I've had good luck with French Breakfast radishes. They're longish with red tops and white bottoms. Even if they come up small, you'll still get *something*. I'm into container gardening now, and had problems getting them to develop. Since radishes are a root crop, I'm thinking they need a little extra phosphorus, so this year I will throw in some bone meal. We shall see...

    Bookmark   December 11, 2007 at 2:57PM
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naturegirl_2007 5B SW Michigan(5B SW Michigan)

In August I planted Easter Egg radishes for the first time. I planted more every week for the next month. Your 5a/6b is similar to mine, just a tad warmer by you. E.Egg is a mix of 4 different varieties, white, red, pink, and purple. That gives you a bit of diversity and protection if conditions are wrong for one. I took my time planting and set the seeds individually about 1.5 inches apart. Took a bit longer than my usual "shake and pour" method but I more than made up the time with no need to thin. They grew great and the multicolor harvest was beautiful. Best radishes I ever grew. I'd say it was the weather, spacing, and luck, as much as the Easter Egg mix. And I still wonder if some of my problems in the past weren from planting too deep. Gonna experiment with that next year :)

    Bookmark   December 11, 2007 at 4:58PM
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faithling(z4 VT)

I usually grow the small, red-skinned, fast-growing type like Cherry Belle (21 days). They're great when you pick them at the right time but if they get a little old, are no longer good. Last year for the first time grew German Giant Radish from Pine Tree Seeds (37 days) and was very impressed. The radishes kept a good texture and taste for a long time even after warm weather arrived.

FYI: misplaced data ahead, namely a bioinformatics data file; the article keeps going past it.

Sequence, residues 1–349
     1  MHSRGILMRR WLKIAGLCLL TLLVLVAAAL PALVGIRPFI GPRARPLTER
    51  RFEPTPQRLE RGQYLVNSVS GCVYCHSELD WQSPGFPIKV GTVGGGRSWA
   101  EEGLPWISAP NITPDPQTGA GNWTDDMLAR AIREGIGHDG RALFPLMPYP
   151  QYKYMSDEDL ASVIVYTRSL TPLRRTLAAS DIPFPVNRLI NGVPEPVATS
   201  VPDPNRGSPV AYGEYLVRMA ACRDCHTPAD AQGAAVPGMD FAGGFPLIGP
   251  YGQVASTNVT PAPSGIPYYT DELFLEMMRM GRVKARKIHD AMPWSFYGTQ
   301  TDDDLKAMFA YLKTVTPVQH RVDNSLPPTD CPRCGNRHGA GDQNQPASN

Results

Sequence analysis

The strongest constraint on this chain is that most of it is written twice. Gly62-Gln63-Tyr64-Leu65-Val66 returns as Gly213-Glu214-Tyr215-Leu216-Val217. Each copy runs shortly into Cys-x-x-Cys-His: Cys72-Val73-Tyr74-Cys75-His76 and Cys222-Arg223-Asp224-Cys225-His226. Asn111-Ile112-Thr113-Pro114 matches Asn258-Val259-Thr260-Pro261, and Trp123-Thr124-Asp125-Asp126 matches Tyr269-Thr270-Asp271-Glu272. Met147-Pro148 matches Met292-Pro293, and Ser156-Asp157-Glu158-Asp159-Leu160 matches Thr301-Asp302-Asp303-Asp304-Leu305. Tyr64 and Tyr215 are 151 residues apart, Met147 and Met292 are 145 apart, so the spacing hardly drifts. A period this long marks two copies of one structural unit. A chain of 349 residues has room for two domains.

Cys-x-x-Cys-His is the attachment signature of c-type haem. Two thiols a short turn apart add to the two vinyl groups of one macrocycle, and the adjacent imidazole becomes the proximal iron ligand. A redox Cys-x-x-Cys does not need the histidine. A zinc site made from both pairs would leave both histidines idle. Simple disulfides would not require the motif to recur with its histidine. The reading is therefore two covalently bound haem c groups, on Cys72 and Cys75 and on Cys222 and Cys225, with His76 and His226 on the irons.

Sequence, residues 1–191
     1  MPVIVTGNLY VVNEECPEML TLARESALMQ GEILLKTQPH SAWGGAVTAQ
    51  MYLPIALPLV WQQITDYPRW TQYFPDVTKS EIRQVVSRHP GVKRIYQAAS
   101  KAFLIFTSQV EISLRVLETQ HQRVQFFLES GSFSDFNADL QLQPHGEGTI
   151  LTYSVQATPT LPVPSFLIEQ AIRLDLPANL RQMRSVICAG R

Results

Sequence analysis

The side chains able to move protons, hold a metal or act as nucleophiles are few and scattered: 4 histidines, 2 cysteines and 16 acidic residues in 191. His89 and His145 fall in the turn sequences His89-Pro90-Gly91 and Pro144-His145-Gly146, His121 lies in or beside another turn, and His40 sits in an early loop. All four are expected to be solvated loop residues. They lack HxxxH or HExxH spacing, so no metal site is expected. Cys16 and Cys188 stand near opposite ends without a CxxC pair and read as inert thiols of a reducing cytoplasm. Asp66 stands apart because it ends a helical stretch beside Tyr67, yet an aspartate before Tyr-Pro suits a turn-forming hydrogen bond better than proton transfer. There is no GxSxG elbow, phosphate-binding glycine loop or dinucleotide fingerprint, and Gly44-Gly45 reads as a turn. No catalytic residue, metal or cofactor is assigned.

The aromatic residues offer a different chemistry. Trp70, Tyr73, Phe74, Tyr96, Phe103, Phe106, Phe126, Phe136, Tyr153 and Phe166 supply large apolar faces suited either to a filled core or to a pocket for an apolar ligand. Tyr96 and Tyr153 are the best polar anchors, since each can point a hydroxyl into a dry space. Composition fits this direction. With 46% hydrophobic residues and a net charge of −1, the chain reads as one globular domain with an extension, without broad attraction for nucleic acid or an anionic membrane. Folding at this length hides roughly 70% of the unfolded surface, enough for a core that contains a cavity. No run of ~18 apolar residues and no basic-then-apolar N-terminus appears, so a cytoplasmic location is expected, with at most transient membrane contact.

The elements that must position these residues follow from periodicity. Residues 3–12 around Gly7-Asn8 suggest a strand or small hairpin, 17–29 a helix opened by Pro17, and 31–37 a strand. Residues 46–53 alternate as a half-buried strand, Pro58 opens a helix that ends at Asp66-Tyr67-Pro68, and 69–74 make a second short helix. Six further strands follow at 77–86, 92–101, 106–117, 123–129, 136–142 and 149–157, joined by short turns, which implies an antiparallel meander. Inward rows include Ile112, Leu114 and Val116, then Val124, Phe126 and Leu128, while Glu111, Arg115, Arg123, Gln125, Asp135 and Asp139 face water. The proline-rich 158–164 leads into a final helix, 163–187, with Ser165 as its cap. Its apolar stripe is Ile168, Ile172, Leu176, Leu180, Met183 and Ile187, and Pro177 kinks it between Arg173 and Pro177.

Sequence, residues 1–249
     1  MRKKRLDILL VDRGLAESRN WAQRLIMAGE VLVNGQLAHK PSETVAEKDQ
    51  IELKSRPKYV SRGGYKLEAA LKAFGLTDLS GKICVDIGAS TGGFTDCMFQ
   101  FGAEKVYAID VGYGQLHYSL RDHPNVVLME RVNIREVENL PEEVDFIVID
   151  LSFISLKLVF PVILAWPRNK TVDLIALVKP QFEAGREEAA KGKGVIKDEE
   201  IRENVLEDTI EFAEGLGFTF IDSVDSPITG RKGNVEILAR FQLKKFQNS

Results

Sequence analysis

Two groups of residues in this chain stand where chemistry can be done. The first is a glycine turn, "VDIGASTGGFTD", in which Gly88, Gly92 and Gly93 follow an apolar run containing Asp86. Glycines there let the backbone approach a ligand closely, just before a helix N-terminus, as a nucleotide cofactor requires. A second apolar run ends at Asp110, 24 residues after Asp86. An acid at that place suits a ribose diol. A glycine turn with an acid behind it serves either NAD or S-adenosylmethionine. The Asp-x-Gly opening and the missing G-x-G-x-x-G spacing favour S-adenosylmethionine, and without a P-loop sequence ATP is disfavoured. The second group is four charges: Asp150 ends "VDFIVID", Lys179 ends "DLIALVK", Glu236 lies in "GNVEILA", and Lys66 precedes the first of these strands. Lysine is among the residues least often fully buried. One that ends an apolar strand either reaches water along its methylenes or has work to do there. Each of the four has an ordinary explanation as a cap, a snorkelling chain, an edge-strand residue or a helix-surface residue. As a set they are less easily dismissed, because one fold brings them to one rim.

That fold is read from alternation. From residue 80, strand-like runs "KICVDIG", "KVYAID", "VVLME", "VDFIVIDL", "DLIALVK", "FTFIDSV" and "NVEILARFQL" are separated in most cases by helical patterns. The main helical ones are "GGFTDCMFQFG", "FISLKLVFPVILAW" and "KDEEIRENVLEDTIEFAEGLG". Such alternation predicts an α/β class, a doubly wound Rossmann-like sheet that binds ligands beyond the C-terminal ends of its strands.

BTW, my favorite way to eat radish is for breakfast the French way. On a buttered slice of good, crusty bread, put a layer of sliced radishes, fresh-picked-from-the-garden, and grate a little sea salt on top. So simple and surprisingly good! I also like a variation of the same, substituting butter with fresh goat cheese (chevre) and extra V olive oil. Yum! It's the taste of spring!

If you have time and space, it's fun to let radishes go to seed. Pick the plump seed pods while they're green and tender and use them in asian-style stir frys.

Here is a link that might be useful: German Giant Radish

    Bookmark   December 11, 2007 at 11:04PM
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mommabarb(southern ontari)

Hi trying to grow radishes tops are full and green , very tiny radish below or nothing at all. What am I doing wrong and how to correct thanks Mommabarb

    Bookmark   June 15, 2008 at 10:31AM
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city_tomato

o_O

Did you not read this thread, mommabarb?

    Bookmark   June 16, 2008 at 1:32PM
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greenhousems(6/7)

I tried growing Radish for the first time this year. I planted on April4th (zone 7) directly into the ground.. I did not thin them... and they produced a nice crop of round crisp radishes. I harvested them about 2 weeks ago.

    Bookmark   June 19, 2008 at 9:31PM